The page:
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Divine Divinity

Score: 80%
ESRB: Teen
Publisher: CDV
Developer: Larian Studios
Media: CD/3
Players: 1
Genre: RPG

Graphics & Sound:

Divine Divinity, a new RPG that bridges the gap between diverse games such as Bioware's Baldur's Gate II, Black Isle's Icewind Dale II, and Blizzard's Diablo 2, offers single-player, single-character play reminiscent of those games. The graphics are definitely similar, though they are crisper overall. All of the environments are very detailed, with wonderful features like reflecting water, lots of wildlife wandering about, and excellent, varied dialogue and sound effects.

Divine Divinity supports resolutions up to 1024x768, and the animation is very smooth for the most part, with no real loading between areas. The action does occasionally bog down, but not very often. Sound effects are all top notch, and they match the on-screen effects perfectly. The music is excellent, and fits in well with the storyline and combat. Finally, many of the NPCs have spoken dialogue, and the voiceovers, though occasionally spotty, are generally quite good.


Divine Divinity offers more robust game play than an action oriented RPG like Diablo 2, although it tends to be a little lighter than games like Icewind II. There are plenty of NPCs to interact with, lots of quests to engage in, an overarching storyline line that is well integrated into the game, and tons of combat.

Starting the game is deceptively simple: Choose a male or female Survivor, Warrior, or Wizard character class, select a difficulty level, a portrait, and give your character a name. That's all there is to creating a character, and from that point on it's just a matter of adding skills and modifying the basic statistics in order to mold your character as you see fit.

Leveling is frequent, especially initially, and each time you level you are given a number of points to allocate to the character's basic attributes of Strength, Agility, Intelligence, and Constitution. Additionally, you are given skill points you can use to add skills and spells to the character's repertoire. It is extremely difficult to decide whether to spend the single skill point you receive on a new spell or on a skill, but this aspect of character development adds great depth to the game.

Besides developing your character, you will also spend a good portion of the game interacting with NPCs. They usually initiate conversation on their own, although you can also do so at anytime. With most NPCs you can not only talk to them and obtain quests, but also barter with them, which includes identifying and repairing items. Bartering is based on the attitude NPCs have towards your character, which can be improved through giving gifts. And although you can obtain skills to repair and identify items, it's very handy to have an NPC available to handle this important task early in the game.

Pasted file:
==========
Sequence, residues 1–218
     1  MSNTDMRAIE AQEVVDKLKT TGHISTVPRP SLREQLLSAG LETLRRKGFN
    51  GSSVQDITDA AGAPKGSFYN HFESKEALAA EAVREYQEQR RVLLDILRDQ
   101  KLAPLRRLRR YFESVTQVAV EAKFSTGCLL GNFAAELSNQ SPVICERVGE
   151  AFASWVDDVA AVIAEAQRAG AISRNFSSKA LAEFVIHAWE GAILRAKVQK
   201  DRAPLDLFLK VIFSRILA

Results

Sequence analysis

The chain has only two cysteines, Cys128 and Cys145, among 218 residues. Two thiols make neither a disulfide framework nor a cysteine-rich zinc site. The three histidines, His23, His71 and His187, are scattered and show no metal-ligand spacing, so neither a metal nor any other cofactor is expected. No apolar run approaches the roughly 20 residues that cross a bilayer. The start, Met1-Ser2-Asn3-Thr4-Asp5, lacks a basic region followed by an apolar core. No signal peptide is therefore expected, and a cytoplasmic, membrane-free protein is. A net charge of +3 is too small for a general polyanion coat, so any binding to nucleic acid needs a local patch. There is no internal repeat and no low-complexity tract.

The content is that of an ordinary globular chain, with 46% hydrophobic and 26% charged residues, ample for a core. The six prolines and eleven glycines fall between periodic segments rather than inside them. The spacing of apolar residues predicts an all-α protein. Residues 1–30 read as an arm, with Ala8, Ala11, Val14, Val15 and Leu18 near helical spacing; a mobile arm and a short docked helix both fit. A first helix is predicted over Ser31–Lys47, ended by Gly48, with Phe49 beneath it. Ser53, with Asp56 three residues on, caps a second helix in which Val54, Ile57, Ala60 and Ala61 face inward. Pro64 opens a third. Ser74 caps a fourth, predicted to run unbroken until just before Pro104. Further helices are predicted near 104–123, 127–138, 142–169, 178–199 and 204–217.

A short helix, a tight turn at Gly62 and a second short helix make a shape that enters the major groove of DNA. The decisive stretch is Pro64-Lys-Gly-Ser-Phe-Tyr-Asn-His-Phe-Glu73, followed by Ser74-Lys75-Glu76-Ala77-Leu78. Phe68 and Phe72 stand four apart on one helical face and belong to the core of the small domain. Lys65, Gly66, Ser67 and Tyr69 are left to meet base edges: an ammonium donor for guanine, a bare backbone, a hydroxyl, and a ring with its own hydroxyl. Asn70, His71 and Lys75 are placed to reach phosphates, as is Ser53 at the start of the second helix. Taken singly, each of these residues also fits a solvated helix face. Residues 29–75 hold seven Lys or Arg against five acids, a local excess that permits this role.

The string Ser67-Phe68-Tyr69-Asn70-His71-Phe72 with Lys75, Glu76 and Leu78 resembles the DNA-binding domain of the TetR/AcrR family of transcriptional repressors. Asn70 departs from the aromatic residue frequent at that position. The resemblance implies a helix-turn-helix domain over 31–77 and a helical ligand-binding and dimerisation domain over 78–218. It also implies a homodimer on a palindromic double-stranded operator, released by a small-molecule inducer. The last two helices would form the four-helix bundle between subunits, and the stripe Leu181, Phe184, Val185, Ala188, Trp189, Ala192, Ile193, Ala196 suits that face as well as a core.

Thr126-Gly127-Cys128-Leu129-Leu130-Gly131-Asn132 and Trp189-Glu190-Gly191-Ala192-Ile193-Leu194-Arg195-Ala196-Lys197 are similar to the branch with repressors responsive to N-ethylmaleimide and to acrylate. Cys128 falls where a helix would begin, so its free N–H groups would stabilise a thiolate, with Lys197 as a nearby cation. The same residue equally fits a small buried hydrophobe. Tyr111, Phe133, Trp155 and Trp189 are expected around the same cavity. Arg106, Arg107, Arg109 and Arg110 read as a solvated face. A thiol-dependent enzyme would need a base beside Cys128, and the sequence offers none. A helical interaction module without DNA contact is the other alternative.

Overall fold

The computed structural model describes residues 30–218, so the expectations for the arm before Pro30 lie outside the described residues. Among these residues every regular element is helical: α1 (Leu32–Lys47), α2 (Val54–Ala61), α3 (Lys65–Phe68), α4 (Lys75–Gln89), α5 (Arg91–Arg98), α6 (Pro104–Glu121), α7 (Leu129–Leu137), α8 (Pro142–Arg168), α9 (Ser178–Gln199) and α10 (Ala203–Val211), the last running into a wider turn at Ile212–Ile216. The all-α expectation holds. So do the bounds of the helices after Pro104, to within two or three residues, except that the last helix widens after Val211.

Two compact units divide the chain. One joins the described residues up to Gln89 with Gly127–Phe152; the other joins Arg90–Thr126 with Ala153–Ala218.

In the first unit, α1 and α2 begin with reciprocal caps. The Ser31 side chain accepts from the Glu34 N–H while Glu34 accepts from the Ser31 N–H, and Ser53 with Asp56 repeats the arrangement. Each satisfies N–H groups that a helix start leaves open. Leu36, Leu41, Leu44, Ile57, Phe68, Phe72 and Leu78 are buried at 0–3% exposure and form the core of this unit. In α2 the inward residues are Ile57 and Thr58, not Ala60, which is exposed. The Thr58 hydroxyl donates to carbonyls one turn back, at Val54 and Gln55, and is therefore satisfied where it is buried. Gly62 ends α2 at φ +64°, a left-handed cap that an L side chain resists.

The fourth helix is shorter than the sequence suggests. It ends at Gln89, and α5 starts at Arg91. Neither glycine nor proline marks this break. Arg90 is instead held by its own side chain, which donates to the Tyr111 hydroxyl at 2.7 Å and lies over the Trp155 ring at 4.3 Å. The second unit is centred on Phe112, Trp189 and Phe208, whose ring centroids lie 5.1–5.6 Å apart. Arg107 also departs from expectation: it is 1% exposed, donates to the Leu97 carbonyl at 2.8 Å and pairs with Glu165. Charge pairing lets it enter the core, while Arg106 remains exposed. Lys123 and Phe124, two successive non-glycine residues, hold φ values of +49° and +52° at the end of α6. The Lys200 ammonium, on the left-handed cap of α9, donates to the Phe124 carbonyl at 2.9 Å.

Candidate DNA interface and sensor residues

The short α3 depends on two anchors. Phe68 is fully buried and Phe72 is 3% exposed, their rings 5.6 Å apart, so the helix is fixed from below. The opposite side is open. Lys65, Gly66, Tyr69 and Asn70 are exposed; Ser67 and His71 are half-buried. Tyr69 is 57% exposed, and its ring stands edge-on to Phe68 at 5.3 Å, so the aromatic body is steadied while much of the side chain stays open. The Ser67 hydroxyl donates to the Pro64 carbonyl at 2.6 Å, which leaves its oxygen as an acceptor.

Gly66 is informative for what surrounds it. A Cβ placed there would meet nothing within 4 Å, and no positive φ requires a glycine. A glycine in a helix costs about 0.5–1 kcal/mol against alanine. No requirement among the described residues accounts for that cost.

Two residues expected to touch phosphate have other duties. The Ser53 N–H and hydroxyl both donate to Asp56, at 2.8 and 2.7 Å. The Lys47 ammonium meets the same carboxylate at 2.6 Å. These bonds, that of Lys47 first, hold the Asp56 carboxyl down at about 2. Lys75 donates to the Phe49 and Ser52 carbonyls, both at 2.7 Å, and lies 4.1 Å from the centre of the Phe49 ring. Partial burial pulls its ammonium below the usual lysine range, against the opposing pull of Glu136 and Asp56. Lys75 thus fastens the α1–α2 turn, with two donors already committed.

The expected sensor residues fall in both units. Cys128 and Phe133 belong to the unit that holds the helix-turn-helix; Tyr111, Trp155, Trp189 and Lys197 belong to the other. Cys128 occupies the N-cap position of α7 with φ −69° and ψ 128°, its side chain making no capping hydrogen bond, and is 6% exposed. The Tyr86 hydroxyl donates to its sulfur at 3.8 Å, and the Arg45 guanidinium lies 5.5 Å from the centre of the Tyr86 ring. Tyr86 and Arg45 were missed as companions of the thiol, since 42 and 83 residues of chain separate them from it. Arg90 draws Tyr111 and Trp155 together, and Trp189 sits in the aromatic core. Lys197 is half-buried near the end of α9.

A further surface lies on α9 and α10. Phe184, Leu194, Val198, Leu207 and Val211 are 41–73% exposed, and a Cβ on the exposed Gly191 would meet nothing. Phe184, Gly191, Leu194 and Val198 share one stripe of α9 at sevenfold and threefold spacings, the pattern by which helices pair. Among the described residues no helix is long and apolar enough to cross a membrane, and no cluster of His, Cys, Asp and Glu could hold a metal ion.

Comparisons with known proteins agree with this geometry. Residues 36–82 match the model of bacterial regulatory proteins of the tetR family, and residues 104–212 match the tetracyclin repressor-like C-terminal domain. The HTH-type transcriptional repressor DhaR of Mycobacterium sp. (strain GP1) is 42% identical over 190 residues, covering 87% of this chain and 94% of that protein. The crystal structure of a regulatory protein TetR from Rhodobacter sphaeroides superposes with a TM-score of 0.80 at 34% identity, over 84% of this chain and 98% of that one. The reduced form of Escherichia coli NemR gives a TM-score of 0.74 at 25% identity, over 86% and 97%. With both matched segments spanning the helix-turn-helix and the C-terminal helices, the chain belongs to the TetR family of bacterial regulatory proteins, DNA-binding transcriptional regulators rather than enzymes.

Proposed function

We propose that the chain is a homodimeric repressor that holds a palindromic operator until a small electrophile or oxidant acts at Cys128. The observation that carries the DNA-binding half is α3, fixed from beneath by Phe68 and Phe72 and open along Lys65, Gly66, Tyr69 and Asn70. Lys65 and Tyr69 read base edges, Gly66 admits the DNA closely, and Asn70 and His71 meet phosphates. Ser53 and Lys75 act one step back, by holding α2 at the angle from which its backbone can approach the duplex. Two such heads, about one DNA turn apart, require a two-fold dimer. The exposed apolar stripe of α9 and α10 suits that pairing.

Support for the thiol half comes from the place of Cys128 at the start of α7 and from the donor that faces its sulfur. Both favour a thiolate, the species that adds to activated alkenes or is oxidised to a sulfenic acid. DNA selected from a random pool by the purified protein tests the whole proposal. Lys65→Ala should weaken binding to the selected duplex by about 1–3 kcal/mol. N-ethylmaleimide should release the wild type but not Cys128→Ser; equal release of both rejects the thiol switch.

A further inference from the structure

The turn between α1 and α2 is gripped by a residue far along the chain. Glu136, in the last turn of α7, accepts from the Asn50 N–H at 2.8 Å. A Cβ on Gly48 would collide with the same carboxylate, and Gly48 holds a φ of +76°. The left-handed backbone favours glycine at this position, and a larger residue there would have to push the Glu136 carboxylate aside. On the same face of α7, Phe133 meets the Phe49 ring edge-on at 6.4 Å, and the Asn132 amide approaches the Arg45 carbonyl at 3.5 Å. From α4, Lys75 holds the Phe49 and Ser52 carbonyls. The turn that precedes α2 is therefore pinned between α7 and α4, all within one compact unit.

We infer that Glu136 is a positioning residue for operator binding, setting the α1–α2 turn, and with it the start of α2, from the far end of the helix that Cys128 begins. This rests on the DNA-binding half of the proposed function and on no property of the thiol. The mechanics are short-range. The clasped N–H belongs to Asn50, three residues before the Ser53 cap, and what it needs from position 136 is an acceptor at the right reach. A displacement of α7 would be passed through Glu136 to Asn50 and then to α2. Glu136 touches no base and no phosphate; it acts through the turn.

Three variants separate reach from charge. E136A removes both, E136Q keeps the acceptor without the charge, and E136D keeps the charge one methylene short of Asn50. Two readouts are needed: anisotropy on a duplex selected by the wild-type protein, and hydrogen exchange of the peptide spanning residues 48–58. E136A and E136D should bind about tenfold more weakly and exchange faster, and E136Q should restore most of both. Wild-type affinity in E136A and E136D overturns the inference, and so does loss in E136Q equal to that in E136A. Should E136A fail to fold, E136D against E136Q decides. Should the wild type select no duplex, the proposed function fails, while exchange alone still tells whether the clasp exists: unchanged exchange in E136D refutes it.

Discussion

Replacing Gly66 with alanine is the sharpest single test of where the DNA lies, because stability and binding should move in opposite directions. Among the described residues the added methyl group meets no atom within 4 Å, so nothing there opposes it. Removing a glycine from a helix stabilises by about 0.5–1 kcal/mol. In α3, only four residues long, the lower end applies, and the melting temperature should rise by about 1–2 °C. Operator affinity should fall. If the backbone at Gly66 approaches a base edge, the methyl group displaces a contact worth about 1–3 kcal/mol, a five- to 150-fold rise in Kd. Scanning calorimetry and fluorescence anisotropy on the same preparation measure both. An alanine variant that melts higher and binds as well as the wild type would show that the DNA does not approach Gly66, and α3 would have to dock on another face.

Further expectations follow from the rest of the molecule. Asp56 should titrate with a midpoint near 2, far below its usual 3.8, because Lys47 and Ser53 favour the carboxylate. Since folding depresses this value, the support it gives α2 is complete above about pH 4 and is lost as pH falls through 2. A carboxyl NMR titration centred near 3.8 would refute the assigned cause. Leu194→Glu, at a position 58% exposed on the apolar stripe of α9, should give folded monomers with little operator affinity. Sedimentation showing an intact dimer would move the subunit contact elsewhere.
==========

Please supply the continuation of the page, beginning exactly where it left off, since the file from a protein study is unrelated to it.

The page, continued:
Combat is of course what you will be doing most in DD. The combat system is streamlined like most other action oriented RPGs. Simply click on your opponent, and your character will strike them until they are dead. You can pause the action at any time to give new orders, but as soon as you issue the order, action is resumed. Accessing your equipment, potions, and skills is extremely easy while in combat, and each character class has a special move, which can be used to great advantage.


Combat can be extremely frustrating in Divine Divinity, although in all honestly pausing the game and using movement to keep high level enemies away, while tedious, can make short work of them. Combat is nowhere near as tactical as the Bioware or Black Isle games, but it is nonetheless quite rewarding. Difficulty levels can change the burden substantially, which should make the game appealing to all levels of players.

The game is easy to get into, and knowing what to do next is not generally a problem. Game play is linear, but this does keep things constantly moving, which is important in a game that relies so heavily on combat.

Game Mechanics:

The user interface in DD is not as refined in many ways as competing RPGS, but there are a host of great features the developers remembered to include. Notes can be added to the map, the journal has a filter that allows you to only see active quests, and while bartering, you can see equipped items as well as those that are not. Setting skills and spells to function keys is trivial, and spawning summoned creatures to your aid is as simple as selecting the skill, and right-clicking where you want the creature to appear.

Divine Divinity has some tough competition, but in a year where the king of RPGs seems to still be unknown, it has a good chance of grabbing the top spot. It has excellent graphics and sound, a great skill-based character development system, solid questing, and compelling combat. It isn't an action oriented RPG; it's a real RPG that has a little more action than the other real RPGs out there. So if you're into real RPGs, it's definitely worth a look.

-Gordy, GameVortex Communications
AKA Gary Lucero

Minimum System Requirements:

Windows 98/ME/2000/XP, 450 MHz Pentium II, 128MB RAM, DirectX 8.0 compatible 8MB (800x600) video card, 100% DirectSound compatible sound card, 4x CD-ROM.

Test System:

Windows XP Home, 2 GHz Pentium 4, 256MB RAM, GeForce 4 Ti4200 w/64MB RAM, SoundBlaster Live! Value, 32x DVD-ROM.

Windows Disciples II: Dark Prophecy Windows Druuna: Morbis Gravis

Game Vortex :: PSIllustrated